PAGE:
In a new Human Rights Watch (HRW) report released Monday, two former CIA detainees described previously unreported torture techniques used in secret U.S. prisons overseas, shedding new light on the program the government fought for years to keep hidden.
Ridha al-Najjar, 51, and Lotfi al-Arabi El Gherissi, 52, both Tunisian men recently repatriated after being in CIA custody for 13 years without charge, independently described being threatened with a makeshift electric chair, deprived of sleep, subject to multiple forms of water torture, chained by their wrists to the ceilings of their cells for extended periods of time, and severely beaten.
The executive summary of the U.S. Senate Intelligence Committee’s still-classified torture report makes no mention of electric chairs.
HRW writes of El Gherissi’s experience:
Al-Najjar separately recounted similar treatment:
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“These terrifying accounts of previously unreported CIA torture methods show how little the public still knows about the U.S. torture program,” said HRW senior U.S. national security counsel Laura Pitter.
The most abuse took place at a facility known as Cobalt, a site in Afghanistan, which al-Najjar and El Gherissi called the “Dark Prison.” Other detainees have referred to it alternately as the Dark Prison or the “Salt Pit” as well. Al-Najjar recounted his interrogators at Cobalt “threatening the ‘well-being of his family,’ using ‘sound disorientation techniques,’ denying him sleep using round-the-clock interrogations, depriving him of any ‘sense of time,’ keeping him in ‘isolation in total darkness; lowering the quality of his food,’ using cold temperatures, playing music ’24 hours a day, and keeping him shackled and hooded.'”
A CIA cable issued September 21, 2002 described him as a “clearly broken man” who was “on the verge of a complete breakdown.” He remained in CIA custody for another 13 years.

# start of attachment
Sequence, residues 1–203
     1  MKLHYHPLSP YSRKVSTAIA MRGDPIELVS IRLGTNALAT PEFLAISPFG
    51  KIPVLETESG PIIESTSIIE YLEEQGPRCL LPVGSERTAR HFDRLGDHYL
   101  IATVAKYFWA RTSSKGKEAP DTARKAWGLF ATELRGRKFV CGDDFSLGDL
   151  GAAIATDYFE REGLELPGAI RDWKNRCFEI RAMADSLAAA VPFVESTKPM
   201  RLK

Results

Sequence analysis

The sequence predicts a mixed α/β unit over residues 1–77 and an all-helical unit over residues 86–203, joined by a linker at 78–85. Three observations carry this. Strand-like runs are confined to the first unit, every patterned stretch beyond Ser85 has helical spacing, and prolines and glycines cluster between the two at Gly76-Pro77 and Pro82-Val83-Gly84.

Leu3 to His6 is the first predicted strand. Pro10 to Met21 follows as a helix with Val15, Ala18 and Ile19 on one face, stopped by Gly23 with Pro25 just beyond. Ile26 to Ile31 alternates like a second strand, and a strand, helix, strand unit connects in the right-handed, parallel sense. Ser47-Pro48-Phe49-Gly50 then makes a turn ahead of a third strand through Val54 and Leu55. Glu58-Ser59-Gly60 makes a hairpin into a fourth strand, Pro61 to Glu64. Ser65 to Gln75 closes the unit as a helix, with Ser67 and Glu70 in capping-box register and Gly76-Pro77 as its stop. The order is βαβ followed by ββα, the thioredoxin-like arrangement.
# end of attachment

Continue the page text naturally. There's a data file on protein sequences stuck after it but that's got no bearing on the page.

Both men were set free in 2015 with no compensation or support from the U.S. or Tunisian governments, which violated international human rights law, HRW said—particularly the International Covenant on Civil and Political Rights and the Convention Against Torture, both of which the U.S. has ratified. Under those laws, “governments have obligations to ensure the right to an effective remedy for victims of serious human rights violations, including torture and other ill-treatment,” the human rights group wrote. “Although these violations did not take place in the United States, they occurred while the individuals were under the effective control of U.S. security forces.”
Today, al-Najjar and El Gherissi live with their families in Tunisia in destitute conditions, struggling with severe trauma. Al-Najjar, who said his hips, ankle, and back were broken in detention, told HRW that he is still suffering from damage to several internal organs, as well as his ear. “My sister has five kids,” he told Pitter. “I am the sixth.”
El Gherissi lives with his family in a house that has no doors or full roof. He shares a bed with his elderly mother and cannot afford to see a doctor.
Pitter continued, “The release of these two men without the U.S. providing any assistance or redress for their torture and suffering also shows how much the U.S. still needs to do to put the CIA torture program behind it.”
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